Sketchup showing the front door

Similar viewpoint from Indigo. Note I've got no capping or gutters in the roofline.

Thursday, February 18, 2016

Our House Build - Playing With Sketchup - Visualising Colours

Decided to build a sketchup model of the facade of the building to try and see what our current colour ideas look like on the building.

Ended up adding rooms (to allow window views to make sense) and landscaping.

These are just exports direct from sketchup, not renders, so there are no lighting effects or anything fancy like that. I also haven't geolocated the model so North is off.

Colorbond Basalt Roof, Colorbond Monument Fascia and Gutters, Dulux Colorbond Dune Render and Dulux Colorbond Monument Render, Monument garage door, Monument window frames, Boral Horizons Mocha Bricks.

One of the colorbond colours we're using (I don't remember which) suggested Dulux Orangeade as a compatible colour; here I've used it on the front door. We'll see if it sticks. Sarah doesn't want a red door (it's been done already)

A&L don't have their windows in sketchup so I had to modify someone elses models to make double ended awning windows.

Got carried away putting in interior and painted the kid's bedrooms including my choice of feature wall colours (not sure if the other half will agree!) - Pantone's 2016 colours of the year - Rose Quartz and Serenity on the two west facing rooms, and their 2014 colour of the year "Radiant Orchid" for the east facing room (to try and make up for the cold morning light). The white so far is Dulux Whisper White.

Playing with ideas for butlers pantry shelving - the builder has said they'll do fully adjustable shelving to the left, but I'm not sure if they're specing the overheads with doors or open as per this.

Kitchen, currently showing polished concrete, Caesarstone Nougat benchtops, Cedar doors under the island and Laminex Honey Elm on the cabinet doors. This is all subject to change, of course :) Monument feature wall to the right.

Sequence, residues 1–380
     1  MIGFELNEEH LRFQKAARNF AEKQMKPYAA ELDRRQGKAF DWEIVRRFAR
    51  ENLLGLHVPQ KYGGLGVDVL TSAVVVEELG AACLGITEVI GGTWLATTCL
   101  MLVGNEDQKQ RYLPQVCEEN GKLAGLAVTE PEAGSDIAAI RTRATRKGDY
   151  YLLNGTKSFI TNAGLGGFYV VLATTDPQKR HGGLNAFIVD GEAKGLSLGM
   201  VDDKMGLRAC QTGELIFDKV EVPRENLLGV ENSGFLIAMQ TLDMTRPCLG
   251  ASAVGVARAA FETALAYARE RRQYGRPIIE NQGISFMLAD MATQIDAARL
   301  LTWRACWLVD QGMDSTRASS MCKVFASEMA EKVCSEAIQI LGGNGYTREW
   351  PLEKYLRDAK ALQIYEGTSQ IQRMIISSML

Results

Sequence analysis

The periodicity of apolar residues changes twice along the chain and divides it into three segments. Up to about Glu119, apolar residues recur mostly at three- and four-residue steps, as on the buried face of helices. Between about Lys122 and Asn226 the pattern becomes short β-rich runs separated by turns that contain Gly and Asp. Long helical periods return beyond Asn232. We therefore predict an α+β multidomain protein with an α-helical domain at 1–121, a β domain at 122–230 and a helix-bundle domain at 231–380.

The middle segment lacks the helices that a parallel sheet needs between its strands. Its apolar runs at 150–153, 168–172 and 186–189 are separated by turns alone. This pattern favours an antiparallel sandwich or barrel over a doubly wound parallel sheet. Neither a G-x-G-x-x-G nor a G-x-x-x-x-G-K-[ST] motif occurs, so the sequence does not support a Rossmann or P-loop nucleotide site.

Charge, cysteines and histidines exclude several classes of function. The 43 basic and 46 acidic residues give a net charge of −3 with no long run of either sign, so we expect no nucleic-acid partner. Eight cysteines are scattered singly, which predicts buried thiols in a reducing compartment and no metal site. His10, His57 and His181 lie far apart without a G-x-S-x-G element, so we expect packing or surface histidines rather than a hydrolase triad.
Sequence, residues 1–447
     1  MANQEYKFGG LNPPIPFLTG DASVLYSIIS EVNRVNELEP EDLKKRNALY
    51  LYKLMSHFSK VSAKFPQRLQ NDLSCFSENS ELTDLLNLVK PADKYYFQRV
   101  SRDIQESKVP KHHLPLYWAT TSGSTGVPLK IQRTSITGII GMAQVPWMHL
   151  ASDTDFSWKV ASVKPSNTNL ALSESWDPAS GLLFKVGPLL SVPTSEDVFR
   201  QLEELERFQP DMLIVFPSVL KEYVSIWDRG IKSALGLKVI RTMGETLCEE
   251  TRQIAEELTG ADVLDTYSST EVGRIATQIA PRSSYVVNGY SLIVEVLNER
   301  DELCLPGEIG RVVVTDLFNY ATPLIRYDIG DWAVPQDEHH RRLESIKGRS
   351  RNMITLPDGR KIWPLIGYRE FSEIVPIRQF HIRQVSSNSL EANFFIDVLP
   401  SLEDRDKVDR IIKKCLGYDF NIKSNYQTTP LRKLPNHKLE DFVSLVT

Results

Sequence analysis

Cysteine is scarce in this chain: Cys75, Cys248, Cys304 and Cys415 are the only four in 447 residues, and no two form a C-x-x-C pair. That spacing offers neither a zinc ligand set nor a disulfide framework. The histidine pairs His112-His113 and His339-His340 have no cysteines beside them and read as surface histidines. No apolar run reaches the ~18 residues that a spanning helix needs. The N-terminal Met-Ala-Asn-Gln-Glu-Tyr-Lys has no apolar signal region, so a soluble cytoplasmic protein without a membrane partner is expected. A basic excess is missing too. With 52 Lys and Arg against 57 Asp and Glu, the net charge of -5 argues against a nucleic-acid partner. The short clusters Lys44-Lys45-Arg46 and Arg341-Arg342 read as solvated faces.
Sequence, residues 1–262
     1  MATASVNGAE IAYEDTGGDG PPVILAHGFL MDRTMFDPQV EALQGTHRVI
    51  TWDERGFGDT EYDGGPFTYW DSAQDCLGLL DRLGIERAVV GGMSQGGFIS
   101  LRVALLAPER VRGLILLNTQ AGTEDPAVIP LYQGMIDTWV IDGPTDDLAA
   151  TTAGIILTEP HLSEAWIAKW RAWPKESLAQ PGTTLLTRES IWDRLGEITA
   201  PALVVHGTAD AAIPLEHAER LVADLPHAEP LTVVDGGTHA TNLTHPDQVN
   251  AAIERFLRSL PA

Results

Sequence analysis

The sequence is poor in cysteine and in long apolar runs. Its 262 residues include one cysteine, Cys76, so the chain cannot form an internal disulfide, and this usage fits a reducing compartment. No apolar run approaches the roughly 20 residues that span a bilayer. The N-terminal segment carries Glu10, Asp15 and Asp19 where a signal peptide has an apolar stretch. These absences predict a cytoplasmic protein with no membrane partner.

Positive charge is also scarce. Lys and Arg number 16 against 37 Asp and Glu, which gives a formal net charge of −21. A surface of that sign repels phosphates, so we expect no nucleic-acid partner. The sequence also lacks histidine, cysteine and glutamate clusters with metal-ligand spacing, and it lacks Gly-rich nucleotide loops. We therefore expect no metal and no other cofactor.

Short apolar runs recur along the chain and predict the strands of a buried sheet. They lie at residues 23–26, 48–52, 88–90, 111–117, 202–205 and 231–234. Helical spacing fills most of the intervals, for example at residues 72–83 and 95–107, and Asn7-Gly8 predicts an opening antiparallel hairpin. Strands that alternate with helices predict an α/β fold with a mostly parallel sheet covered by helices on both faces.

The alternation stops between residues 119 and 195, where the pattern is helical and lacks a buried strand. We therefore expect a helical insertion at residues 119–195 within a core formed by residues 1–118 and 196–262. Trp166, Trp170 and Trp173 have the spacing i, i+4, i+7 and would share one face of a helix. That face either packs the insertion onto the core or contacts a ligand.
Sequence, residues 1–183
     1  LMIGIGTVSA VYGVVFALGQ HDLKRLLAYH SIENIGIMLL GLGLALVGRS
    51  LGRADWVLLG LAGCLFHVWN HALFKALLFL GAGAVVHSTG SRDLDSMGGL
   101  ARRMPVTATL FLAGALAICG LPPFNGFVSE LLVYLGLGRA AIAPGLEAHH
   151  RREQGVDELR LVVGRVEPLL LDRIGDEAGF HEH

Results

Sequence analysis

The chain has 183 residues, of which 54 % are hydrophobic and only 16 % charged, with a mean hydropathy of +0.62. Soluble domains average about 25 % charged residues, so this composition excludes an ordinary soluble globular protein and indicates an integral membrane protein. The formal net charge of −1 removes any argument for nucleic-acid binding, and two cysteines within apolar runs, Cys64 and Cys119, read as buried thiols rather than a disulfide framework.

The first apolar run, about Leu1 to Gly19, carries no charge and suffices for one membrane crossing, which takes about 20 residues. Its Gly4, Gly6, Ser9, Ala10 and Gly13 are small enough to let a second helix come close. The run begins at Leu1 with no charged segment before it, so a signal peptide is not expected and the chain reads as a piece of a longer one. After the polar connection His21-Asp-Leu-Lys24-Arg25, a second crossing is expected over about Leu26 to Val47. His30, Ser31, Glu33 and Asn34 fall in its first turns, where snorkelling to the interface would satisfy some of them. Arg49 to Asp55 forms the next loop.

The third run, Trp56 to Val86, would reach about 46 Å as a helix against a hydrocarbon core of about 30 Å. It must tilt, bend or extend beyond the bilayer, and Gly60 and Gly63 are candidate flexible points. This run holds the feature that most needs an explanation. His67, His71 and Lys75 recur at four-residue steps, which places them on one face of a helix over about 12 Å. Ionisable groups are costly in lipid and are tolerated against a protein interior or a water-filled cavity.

Showing the bulkhead idea, the bulkhead could end level with the island (which is back from the wall to right of image by about 600mm) - note this isn't the table we're planning to use just one from the 3D Warehouse that's the right dimension (3000x1100)

Feature slats, coloured in laminex honey elm - the plan is to try and find a stain that gets this similar.

Theatre Room with 1.75m high projection screen (a very very distant project!) and monument walls all round. I like this darker (but neutral) look.

Cinema rear wall showing movie posters and raised seating step - this step should be about 1200mm deep and 100mm off the normal floor height.

Added Pear Trees - I think it'll come down to a battle between pear and cherry trees when it comes to front shade, unless anyone has any suggestions?

Stepped garden beds, path to the footpath and ramp down to the driveway all seem simple enough, although I'm sure this stuff all costs money!! Doesn't hurt to have a plan though!

In other news, the builder e-mailed today to say they've finished with our plans and are starting to price it all properly. I think they're pricing with their standard inclusions and we then go and add in whatever extra we need (even things we've already discussed, perhaps) to ensure we can see where the money is going.

Tuesday, February 16, 2016

Our House Build - PV Solar - Why Not Yet

PV solar is and always has been on the cards for our house.

We are not doing it at first however.